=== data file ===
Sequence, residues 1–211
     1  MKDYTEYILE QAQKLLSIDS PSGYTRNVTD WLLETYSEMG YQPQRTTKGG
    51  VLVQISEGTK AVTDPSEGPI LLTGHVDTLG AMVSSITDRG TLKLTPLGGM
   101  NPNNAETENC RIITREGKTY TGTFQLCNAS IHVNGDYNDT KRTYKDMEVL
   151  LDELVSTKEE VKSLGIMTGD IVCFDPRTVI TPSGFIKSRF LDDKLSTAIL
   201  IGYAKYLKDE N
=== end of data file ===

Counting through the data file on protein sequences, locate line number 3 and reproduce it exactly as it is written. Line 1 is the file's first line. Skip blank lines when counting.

    51  VLVQISEGTK AVTDPSEGPI LLTGHVDTLG AMVSSITDRG TLKLTPLGGM